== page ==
Administrative divisions of the Oslo Accords
The Oslo II Accord created three temporary distinct administrative divisions in the West Bank, the Areas A, B and C, until a final status accord would be established. The areas are not contiguous, but rather fragmented depending on the different population areas as well as Israeli military requirements.
Area A 
Area A (full civil and security control by the Palestinian Authority): circa 3% of the West Bank, exclusive East-Jerusalem (first phase, 1995). In 2011: 18%. This area includes all Palestinian cities and their surrounding areas, with no Israeli settlements. Entry into this area is forbidden by Israeli law to all Israeli citizens. The Israel Defense Forces maintain no presence, but sometimes conducts raids to arrest suspected militants.
Area B 
Area B (Palestinian civil control and joint Israeli-Palestinian security control): circa 25% (first phase, 1995). In 2011: 21%. Includes areas of many Palestinian towns and villages and areas, with no Israeli settlements.
Area C 
Area C (full Israeli civil and security control, except over Palestinian civilians): circa 72% (first phase, 1995). In 2011: 61%. These areas include all Israeli settlements (cities, towns, and villages), nearby land, most roadways that connected the settlements (and which are exclusively for Israeli use) as well as strategic areas described as "security zones." There were 1,000 Israeli settlers living in Area C in 1972. By 1993, their population had increased to 110,000. As of 2012 they number more than 300,000 – as against 150,000 Palestinians, the majority of whom are Bedouin and fellahin.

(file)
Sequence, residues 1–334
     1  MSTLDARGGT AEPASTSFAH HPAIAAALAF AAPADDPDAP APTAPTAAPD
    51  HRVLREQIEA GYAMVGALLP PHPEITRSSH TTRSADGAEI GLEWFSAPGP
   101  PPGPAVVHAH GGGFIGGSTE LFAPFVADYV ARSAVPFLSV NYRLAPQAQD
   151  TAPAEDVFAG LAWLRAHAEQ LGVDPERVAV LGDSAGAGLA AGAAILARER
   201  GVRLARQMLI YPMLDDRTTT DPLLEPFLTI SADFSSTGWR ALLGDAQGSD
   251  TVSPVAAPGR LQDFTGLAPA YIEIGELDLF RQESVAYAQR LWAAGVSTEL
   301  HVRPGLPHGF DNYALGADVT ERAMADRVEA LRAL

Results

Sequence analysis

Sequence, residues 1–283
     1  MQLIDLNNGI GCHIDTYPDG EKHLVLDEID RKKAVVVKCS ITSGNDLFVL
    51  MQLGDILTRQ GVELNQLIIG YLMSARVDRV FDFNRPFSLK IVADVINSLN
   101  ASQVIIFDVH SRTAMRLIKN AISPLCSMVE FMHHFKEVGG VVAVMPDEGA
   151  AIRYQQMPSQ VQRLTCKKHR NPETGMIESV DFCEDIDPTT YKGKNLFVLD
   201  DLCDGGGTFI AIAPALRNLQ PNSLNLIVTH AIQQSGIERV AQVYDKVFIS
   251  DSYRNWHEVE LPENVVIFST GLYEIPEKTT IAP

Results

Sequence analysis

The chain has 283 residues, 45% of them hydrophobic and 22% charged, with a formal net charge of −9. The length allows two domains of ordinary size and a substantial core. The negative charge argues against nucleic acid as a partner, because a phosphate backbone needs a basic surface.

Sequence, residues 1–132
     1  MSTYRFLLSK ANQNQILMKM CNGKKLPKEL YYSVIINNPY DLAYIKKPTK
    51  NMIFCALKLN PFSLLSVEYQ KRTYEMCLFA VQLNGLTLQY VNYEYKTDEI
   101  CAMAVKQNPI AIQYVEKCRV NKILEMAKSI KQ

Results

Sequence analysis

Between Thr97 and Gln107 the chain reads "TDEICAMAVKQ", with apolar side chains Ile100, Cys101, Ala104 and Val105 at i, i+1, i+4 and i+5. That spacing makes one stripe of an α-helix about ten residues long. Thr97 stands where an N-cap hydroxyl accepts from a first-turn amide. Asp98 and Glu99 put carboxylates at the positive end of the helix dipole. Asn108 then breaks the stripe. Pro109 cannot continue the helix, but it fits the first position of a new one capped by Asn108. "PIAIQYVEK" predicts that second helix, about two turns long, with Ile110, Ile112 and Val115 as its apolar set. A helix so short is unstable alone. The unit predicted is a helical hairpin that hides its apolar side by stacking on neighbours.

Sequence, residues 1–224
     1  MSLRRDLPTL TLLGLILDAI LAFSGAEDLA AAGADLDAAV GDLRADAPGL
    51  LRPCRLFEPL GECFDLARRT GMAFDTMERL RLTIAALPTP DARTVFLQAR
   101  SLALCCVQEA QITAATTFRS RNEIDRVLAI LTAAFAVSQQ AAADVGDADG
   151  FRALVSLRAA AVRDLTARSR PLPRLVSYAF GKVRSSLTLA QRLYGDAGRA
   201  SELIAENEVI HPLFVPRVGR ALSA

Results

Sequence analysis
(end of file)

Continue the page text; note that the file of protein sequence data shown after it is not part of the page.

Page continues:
Alleged violation of Accords 
Area B is defined as land under Palestinian civil control and Israeli military control. According to Dror Etkes, Israeli settlers have violated the accords by spreading into Area B and seizing private Palestinian land for cultivation and settlement. Examples he cites are the Amona settlement, overlooking Ofra, where he argues that land belonging to villagers of Deir Dibwan has been taken for redevelopment; the settlement of Itamar he says has seized control of land and resources belonging to the Area B villages of Yanun, Awarta and Einabus; he states that settlers have seized Area B land near Esh Kodesh and Mitzpeh Ahiya east of Shilo; and he states that settlers of Ma'ale Rehav'am have built in a nature reserve established under the Wye River Memorandum.
Religious Sites 
The Palestinian side (later to become the Palestinian National Authority) agreed to ensure free access to a specific list of Jewish religious sites located in Areas 'A' and 'B' as specified in the 1995 Interim Agreement on the West Bank and the Gaza Strip, but due to the uncertain security situation, the Israel Defense Forces limits visits by Jews to rare occasions. In Area 'C', Palestinians were given the right to visit al-Maghtas on the Jordan River and to Nabi Musa.
See also 
- Gvirtzman, Haim. "Maps of Israeli Interests in Judea and Samaria Determining the Extent of the Additional Withdrawals". (this study was funded by the Settlement Division of the Zionist Organization)
- Map No. 1 - First Phase of Redeployment
- New York Times, 23 July 2012, Israel Seeks Army Use of West Bank Area
- 2011 map
- Diab, Khaled (6 September 2012). "Bedouin kids' school of hard knocks". Haaretz. Retrieved 9 September 2012.
- Haaretz, Akiva Eldar, West Bank outposts spreading into Area B, in violation of Oslo Accords. 18 February 2012.
- Interim Agreement Annex III: Protocol Concerning Civil Affairs.